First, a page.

Learn About the Amazing Cuisine of the Great City of Pittsburgh, PA

Steelers Nation is huge. It never fails to surprise me, a western PA native currently residing in rural North Carolina, how many people are Steel City sports fans here. Many have never visited the city but have a question for me… What is the cuisine like in the city they consider the Promised Land?

To understand Pittsburgh’s unique cuisine wholly, we must first look back at a brief overview of the city’s heritage. For the food of Pittsburgh is heavily influenced those stalwart founders who forged steel and made the city into the food and beer mecca that it is today.

The Early Settlers to Pittsburgh

During the colonial era, George Washington set up a small encampment where the Monongahela and Allegheny Rivers converged to form the great Ohio river. He considered this an advantage during the French and Indian War. They named the fort Fort George for the British King; it was redubbed Fort Pitt after the end of that war to honor the British Prime Minister William Pitt.

British and Irish farmers moved to the new frontier town of Pittsburgh to work the land and ply trades like blacksmithing, shoemaking, glassblowing, tinsmithing, and other crafts. In these early days before the railroad, the mountains around the community made these people tough and self-reliant, a value they retain today!

By the 1800s, steamboats allowed people to travel the rivers and move natural resources through the waterways. The mountains around western Pennsylvania offered up iron, oil, coal, and natural gas. As entrepreneurs built foundries, coal mines, and mills to feed this demand for the resources, jobs became readily available to anyone who wanted to work.

Railroads came through the area in the 1850s, and the population explosion — and the robust job market — continued.

The new people arriving came to Pittsburgh from faraway places (at least at that time) such as Poland, Germany, Italy, and Greece for the next fifty years. With the new immigrants came delicious new cuisine that became ingrained in Pittsburgh’s food traditions.

Therefore, traditional Pittsburgh dishes reflect the city’s multicultural heritage, especially that of the late 19th– century to early 20th century-era European immigrants.

Pittsburgh Cuisine Today

While these immigrant populations brought dishes like Pierogies into the city, today the cuisine is generally enjoyed by all Pittsburghers.

Other Pittsburgh specialties were developed in the city.Overall, these dishes remain wildly popular because for years they quenched the appetite of the hard-working blue collar Pittsburgher: the industrious steel worker.

Here, I have provided an alphabetical listing of some of my hometown faves:

  • Cabbage rolls – (also known as Haluski) : Beef or pork, white rice, green pepper, wrapped in cabbage and baked with sauerkraut. Topped with either tomato soup or juice.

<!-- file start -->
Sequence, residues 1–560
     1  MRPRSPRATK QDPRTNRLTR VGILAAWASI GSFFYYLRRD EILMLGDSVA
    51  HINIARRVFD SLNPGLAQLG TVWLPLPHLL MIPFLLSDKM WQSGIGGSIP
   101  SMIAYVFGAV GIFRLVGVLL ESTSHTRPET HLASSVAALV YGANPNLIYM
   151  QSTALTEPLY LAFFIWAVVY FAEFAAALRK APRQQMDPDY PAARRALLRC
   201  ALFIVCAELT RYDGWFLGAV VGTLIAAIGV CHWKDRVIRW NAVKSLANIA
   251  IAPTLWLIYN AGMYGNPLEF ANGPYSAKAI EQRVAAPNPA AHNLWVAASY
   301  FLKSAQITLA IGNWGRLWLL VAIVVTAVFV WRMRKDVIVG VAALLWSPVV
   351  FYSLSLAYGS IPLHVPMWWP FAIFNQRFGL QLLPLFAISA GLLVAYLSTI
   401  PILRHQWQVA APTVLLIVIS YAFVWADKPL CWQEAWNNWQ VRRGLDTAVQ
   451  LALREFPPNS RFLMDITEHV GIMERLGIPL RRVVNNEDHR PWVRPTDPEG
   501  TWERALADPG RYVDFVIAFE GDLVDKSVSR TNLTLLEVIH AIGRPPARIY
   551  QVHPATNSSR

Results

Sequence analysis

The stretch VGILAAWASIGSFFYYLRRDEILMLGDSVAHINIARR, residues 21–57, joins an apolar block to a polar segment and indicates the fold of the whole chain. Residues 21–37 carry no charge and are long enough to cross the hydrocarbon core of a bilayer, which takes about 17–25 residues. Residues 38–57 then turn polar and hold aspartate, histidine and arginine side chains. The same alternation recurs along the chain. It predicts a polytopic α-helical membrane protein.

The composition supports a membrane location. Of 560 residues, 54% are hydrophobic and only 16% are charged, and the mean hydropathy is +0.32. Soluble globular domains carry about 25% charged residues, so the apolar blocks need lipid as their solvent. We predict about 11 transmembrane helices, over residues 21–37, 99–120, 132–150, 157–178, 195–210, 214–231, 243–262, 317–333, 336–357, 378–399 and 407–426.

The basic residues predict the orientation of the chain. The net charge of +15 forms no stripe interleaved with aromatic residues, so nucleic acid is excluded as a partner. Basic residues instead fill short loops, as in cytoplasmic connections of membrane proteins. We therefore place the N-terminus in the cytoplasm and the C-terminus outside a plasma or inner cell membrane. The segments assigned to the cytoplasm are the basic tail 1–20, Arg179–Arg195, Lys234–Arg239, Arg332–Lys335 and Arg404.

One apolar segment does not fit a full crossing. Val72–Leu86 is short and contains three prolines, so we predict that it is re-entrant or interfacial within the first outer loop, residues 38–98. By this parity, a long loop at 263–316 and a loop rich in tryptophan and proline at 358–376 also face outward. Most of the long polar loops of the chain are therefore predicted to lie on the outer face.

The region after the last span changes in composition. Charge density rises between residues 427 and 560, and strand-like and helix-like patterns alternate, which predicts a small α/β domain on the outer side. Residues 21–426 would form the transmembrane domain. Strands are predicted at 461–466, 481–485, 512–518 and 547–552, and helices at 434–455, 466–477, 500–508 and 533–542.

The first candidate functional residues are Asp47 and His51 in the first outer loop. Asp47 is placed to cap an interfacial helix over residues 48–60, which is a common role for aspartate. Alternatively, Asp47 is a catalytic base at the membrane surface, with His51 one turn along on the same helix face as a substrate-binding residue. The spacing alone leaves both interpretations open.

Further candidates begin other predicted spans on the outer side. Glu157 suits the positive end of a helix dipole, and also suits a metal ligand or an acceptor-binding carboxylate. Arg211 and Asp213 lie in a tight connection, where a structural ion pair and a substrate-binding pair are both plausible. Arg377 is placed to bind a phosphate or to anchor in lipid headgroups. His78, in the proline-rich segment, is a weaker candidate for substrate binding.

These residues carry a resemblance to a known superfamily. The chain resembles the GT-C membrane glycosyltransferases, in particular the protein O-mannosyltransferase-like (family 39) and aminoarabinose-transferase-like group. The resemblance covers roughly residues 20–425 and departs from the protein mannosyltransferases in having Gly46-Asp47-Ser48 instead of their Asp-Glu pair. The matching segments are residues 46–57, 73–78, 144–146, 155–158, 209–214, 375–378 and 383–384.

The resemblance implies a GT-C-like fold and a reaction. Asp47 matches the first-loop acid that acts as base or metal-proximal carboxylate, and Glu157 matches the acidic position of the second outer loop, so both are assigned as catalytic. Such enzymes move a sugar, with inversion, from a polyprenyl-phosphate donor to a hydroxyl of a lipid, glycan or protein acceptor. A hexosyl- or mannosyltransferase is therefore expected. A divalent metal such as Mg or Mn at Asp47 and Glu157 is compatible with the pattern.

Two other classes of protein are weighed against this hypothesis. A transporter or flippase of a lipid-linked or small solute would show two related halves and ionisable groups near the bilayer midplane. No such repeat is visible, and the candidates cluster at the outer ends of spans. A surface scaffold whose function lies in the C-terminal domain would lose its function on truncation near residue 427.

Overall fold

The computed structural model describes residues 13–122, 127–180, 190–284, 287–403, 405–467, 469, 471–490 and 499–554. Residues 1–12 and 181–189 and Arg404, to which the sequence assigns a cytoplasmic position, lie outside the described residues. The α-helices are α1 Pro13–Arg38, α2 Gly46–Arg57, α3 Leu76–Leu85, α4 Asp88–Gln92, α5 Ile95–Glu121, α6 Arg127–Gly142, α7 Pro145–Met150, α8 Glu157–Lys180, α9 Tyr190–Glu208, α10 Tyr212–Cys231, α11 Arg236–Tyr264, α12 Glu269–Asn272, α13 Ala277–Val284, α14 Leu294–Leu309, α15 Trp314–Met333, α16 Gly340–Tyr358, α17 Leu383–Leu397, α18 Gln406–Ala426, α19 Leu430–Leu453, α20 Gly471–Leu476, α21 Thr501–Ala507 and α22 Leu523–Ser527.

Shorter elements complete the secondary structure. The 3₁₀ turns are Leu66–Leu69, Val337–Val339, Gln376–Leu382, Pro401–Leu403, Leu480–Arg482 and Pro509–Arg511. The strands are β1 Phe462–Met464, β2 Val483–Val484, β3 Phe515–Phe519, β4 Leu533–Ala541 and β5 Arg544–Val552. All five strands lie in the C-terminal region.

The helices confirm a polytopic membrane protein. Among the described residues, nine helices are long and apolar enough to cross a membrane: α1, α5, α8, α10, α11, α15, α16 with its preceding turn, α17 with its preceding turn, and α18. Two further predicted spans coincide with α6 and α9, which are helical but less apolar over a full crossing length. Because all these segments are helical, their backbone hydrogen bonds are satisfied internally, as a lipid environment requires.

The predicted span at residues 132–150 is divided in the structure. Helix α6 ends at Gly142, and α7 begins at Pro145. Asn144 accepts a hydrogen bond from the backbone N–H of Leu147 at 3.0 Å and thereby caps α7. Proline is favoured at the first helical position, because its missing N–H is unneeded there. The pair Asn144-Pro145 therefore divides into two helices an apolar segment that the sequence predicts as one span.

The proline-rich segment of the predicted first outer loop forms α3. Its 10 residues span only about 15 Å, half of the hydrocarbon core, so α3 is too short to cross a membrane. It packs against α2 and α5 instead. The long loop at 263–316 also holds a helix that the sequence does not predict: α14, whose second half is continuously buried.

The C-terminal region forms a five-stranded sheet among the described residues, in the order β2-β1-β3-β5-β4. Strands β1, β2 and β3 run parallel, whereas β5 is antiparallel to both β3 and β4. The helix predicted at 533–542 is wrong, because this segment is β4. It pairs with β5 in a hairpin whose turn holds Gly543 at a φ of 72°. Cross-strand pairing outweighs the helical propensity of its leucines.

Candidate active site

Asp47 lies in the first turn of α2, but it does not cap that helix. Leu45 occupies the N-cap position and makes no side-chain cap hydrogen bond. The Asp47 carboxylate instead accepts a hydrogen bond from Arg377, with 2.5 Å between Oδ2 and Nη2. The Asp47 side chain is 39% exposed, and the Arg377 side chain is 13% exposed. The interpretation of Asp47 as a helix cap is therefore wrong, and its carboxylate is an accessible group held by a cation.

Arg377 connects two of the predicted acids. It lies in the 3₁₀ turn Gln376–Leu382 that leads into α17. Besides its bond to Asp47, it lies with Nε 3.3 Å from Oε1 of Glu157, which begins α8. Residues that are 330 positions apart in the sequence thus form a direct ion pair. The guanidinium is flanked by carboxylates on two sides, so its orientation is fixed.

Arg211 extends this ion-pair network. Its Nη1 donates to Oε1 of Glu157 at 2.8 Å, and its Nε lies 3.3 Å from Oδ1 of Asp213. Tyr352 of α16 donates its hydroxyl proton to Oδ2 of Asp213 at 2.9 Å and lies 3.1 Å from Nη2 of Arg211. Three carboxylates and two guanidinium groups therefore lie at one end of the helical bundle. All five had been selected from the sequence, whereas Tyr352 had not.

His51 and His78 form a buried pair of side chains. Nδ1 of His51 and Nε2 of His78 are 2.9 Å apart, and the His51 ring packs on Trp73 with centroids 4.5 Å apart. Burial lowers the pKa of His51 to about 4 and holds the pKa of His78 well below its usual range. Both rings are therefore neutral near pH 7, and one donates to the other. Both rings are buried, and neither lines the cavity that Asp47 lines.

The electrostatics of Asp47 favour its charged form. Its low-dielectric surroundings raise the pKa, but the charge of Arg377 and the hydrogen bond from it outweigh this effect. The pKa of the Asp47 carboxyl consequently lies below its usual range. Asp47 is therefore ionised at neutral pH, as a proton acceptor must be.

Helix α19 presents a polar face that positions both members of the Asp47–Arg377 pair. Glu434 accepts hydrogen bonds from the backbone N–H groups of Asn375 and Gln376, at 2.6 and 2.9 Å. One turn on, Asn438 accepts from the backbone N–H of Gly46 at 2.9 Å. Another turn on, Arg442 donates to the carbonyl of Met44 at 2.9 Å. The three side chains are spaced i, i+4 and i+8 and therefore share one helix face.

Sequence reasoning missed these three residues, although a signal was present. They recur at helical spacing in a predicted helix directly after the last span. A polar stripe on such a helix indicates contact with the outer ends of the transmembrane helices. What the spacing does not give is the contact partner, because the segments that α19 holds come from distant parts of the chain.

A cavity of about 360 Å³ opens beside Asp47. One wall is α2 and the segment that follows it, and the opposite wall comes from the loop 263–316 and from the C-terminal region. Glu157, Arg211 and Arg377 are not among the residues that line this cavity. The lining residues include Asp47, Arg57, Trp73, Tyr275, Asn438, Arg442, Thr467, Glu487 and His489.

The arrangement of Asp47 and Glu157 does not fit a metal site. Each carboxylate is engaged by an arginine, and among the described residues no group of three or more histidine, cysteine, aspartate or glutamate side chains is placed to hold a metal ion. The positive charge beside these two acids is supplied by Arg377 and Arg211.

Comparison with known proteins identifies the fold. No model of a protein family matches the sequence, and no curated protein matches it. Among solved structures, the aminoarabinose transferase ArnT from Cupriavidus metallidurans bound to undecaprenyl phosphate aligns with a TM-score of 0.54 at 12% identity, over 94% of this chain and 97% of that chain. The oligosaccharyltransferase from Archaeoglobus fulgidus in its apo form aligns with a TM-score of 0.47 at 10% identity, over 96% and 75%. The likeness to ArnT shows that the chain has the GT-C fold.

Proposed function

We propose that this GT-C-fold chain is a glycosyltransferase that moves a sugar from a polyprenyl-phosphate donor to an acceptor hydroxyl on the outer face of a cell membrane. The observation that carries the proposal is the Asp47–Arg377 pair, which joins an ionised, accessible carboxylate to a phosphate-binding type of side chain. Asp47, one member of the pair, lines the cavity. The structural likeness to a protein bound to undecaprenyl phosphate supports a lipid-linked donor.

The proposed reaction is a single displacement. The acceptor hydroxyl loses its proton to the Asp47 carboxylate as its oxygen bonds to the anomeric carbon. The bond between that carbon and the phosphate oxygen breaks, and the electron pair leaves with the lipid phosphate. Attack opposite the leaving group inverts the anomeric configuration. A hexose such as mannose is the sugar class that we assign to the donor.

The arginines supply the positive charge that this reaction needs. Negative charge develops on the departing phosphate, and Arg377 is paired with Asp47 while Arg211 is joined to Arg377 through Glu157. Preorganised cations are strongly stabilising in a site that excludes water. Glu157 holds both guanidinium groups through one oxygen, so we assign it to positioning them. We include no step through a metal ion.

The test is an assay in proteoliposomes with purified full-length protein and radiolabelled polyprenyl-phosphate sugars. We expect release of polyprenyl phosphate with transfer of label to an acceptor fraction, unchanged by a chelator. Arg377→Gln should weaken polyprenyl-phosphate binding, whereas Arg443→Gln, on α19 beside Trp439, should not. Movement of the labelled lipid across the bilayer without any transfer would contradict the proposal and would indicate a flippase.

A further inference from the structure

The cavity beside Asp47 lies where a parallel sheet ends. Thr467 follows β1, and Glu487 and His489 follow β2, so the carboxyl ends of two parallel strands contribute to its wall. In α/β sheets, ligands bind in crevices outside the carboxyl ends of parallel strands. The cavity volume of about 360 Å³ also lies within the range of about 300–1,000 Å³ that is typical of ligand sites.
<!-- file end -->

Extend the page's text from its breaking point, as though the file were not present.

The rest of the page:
• Chipped Ham – (aka Chipped Chopped Ham) thinly sliced, processed ham from local favorite restaurant Isaly’s since 1933.
  • City Chicken – pork cubes and / or veal, breaded and then baked or fried. Served always on a wooden skewer. It resembles a chicken leg, hence the name
  • Clark Bar – this famous chocolate bar was developed in the city in 1917.
  • Essie’s Original Hot Dog Shop – a staple of the Oakland neighborhood since 1960.
  • Halusky – pasta with fried cabbage (Polish) or quark (Slovak).
  • Iron City Beer – a local beer, and it is the beer primarily served at all the local watering holes and stadiums. When servedwith a dash of whiskey, it’s called a kettle maker; when enjoyed with a shot of Imperial, a gnome.
  • Italian sausage – We usually serve these alongside grilled onions and bell peppers
  • Kielbasa – Delicious and savoryEastern European sausages. Often served as pierogies and kielbasa
  • Pierogies – Polish traditional dish, pasta dough is filled with potatoes and cheese, sauerkraut, or onions.
  • Primanti Brothers sandwiches – Sandwich with fries and famous Primanti Brothers coleslaw. They have expanded to several locations from one humble shop.
  • Sarris Candies – locally made, traditional chocolates and ice cream in the Canonsburg area.
  • Teutonia Mannerchor – Locatedin Deutschtown in East Allegheny.Comforting, rich, and traditional German food.
  • Wholey’s – Founded in 1912 in the market square district of Pittsburgh, it is currently found located on Penn Ave.Wholey’s serves a wide variety of locally harvested seafood (ie: the rivers) and a popular fish sandwich.The Wholey Company served as both the anchor and the main attraction of the historic district for decades.

Final Thoughts on Pittsburgh Cuisine

Pittsburgh cuisine is homey and unassuming. However, don’t mistake that for bland or boring. The foods there pack serious punches of flavor and satisfy the soul. It’s what you would expect from a city founded by people who knew how to to a job right, work hard, and enjoy life.